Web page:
Leveraging Event Participation Benefits Beyond the Running Course: Deciphering the Motivational Basis of Event Satisfaction

in Journal of Sport Management
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  • 1 Florida State University
  • 2 Temple University
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To combat the declining number of finishers plaguing the distance-running industry, it is increasingly important for organizers to optimize event satisfaction levels. Participants’ survey responses from two distance-running events (n1 = 2,324 and n2 = 2,526) were analyzed to challenge the traditional managerial scope and theoretical lens through which event satisfaction is conventionally examined. Results revealed five event benefits that capture key motivational antecedents of event satisfaction. Collectively, these benefits, including euphoric, fitness, competition, social, and entertainment benefits, influenced event satisfaction levels (R2 = 43%) and repeat consumption intentions (R2 = 23%). For event organizers to foster event satisfaction, it is central to encourage event preparation and participation that promotes the enjoyment of physical activity, fitness and appearance enhancement, socialization, competition, and excitement among registrants. Academics should also extend their scope of event satisfaction to fully capture the entirety of event experience lifecycles (e.g., from registration through event participation).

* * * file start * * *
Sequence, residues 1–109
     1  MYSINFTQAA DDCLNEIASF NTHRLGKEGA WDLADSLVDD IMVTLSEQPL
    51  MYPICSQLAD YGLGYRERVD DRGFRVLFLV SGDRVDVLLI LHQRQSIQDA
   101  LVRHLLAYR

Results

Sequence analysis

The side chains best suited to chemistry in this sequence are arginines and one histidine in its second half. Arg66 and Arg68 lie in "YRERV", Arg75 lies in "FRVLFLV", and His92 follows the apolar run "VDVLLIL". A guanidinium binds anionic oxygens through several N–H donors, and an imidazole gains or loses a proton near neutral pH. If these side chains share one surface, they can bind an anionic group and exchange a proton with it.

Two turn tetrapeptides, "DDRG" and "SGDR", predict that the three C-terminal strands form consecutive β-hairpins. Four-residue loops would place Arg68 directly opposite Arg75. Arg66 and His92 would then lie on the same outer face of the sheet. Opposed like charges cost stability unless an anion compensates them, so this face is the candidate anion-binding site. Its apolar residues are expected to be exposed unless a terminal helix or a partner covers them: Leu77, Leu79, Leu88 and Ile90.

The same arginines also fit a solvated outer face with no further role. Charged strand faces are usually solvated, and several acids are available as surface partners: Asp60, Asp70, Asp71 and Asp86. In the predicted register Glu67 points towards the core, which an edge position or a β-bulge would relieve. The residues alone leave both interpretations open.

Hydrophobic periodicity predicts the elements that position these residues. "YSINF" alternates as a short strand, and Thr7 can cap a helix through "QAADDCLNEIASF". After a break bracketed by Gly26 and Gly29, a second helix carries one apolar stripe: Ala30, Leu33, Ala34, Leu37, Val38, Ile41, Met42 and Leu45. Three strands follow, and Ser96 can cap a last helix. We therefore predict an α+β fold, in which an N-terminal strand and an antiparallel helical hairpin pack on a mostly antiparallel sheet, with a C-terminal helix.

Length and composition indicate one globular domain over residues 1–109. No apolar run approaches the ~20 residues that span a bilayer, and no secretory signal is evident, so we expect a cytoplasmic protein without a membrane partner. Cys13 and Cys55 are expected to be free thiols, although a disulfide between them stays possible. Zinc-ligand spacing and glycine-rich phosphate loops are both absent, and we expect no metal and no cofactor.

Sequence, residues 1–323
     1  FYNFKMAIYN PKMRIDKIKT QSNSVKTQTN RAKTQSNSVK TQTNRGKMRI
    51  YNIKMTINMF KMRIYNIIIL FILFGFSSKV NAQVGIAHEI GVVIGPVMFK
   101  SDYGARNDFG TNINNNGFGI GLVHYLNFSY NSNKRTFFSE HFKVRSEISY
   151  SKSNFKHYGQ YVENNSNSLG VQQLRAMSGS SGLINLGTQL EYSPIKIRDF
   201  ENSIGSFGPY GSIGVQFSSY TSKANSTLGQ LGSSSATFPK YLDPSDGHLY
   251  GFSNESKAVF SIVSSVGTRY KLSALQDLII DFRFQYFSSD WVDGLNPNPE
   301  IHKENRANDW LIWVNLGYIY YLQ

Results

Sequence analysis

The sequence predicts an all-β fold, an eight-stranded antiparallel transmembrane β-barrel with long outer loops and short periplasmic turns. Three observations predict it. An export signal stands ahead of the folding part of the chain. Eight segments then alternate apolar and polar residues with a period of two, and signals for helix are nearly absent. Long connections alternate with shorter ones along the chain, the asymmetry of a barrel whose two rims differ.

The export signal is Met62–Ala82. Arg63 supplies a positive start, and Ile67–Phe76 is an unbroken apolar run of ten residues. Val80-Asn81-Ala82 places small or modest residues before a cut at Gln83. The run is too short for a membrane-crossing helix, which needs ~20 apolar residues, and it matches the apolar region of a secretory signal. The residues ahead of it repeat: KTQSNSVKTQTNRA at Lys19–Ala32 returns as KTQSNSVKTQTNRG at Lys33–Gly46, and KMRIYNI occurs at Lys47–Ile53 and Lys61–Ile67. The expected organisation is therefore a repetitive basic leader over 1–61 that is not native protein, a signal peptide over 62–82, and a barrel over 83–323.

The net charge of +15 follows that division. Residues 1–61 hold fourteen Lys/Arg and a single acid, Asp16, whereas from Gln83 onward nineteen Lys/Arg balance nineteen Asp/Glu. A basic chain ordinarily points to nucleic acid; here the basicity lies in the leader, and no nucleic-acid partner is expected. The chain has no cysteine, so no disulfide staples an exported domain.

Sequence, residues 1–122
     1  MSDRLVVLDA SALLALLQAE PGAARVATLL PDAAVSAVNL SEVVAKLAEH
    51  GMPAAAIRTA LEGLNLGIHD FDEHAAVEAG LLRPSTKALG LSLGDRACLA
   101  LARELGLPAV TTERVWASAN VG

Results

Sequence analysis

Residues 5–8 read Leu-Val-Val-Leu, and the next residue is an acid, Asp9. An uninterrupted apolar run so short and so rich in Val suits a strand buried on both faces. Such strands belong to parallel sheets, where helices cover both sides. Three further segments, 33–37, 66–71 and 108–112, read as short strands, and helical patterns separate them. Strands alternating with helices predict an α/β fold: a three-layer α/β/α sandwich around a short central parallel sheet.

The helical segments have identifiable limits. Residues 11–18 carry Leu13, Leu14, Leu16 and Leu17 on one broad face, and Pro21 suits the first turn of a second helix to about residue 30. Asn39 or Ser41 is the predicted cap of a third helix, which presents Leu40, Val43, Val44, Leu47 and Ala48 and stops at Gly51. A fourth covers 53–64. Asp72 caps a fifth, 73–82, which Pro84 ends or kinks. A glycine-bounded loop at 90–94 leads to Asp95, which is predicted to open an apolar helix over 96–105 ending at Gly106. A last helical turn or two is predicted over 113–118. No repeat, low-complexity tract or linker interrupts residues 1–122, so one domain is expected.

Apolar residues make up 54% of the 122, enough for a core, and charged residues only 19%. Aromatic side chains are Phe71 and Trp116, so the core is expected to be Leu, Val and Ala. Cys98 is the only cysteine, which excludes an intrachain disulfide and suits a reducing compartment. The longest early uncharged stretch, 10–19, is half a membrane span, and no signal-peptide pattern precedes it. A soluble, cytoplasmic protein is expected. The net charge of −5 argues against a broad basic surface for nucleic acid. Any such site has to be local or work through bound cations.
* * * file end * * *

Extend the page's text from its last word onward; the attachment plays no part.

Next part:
Du and James are with the Department of Sport Management, College of Education, Florida State University, Tallahassee, FL. Kennedy and Funk are with the School of Sport, Tourism & Hospitality Management, Temple University, Philadelphia, PA.

Du (jdu3@fsu.edu) is corresponding author.
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